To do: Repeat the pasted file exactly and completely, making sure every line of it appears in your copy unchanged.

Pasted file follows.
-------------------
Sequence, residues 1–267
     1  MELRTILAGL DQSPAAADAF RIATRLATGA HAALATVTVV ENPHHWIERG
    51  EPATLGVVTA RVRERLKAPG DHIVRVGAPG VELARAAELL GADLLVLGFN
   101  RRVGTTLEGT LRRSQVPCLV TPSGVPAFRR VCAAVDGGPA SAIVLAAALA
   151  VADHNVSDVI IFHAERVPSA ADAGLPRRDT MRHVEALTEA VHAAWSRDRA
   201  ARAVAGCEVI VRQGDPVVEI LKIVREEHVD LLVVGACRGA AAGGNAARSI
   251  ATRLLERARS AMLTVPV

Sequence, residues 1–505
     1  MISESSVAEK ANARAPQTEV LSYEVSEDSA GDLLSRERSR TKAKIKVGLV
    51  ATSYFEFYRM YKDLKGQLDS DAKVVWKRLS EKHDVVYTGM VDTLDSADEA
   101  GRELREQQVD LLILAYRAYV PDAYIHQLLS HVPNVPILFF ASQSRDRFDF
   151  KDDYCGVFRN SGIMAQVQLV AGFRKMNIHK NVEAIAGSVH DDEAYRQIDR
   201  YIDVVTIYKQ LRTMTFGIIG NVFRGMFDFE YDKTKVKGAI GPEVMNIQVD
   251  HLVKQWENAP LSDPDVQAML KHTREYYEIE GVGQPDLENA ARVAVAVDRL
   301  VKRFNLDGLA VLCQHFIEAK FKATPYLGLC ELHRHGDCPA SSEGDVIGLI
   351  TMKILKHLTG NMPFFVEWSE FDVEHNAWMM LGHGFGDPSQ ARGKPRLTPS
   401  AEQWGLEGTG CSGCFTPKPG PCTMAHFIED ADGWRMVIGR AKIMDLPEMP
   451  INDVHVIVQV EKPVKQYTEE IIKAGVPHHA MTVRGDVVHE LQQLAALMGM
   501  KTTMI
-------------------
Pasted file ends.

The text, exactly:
Sequence, residues 1–267
     1  MELRTILAGL DQSPAAADAF RIATRLATGA HAALATVTVV ENPHHWIERG
    51  EPATLGVVTA RVRERLKAPG DHIVRVGAPG VELARAAELL GADLLVLGFN
   101  RRVGTTLEGT LRRSQVPCLV TPSGVPAFRR VCAAVDGGPA SAIVLAAALA
   151  VADHNVSDVI IFHAERVPSA ADAGLPRRDT MRHVEALTEA VHAAWSRDRA
   201  ARAVAGCEVI VRQGDPVVEI LKIVREEHVD LLVVGACRGA AAGGNAARSI
   251  ATRLLERARS AMLTVPV

Sequence, residues 1–505
     1  MISESSVAEK ANARAPQTEV LSYEVSEDSA GDLLSRERSR TKAKIKVGLV
    51  ATSYFEFYRM YKDLKGQLDS DAKVVWKRLS EKHDVVYTGM VDTLDSADEA
   101  GRELREQQVD LLILAYRAYV PDAYIHQLLS HVPNVPILFF ASQSRDRFDF
   151  KDDYCGVFRN SGIMAQVQLV AGFRKMNIHK NVEAIAGSVH DDEAYRQIDR
   201  YIDVVTIYKQ LRTMTFGIIG NVFRGMFDFE YDKTKVKGAI GPEVMNIQVD
   251  HLVKQWENAP LSDPDVQAML KHTREYYEIE GVGQPDLENA ARVAVAVDRL
   301  VKRFNLDGLA VLCQHFIEAK FKATPYLGLC ELHRHGDCPA SSEGDVIGLI
   351  TMKILKHLTG NMPFFVEWSE FDVEHNAWMM LGHGFGDPSQ ARGKPRLTPS
   401  AEQWGLEGTG CSGCFTPKPG PCTMAHFIED ADGWRMVIGR AKIMDLPEMP
   451  INDVHVIVQV EKPVKQYTEE IIKAGVPHHA MTVRGDVVHE LQQLAALMGM
   501  KTTMI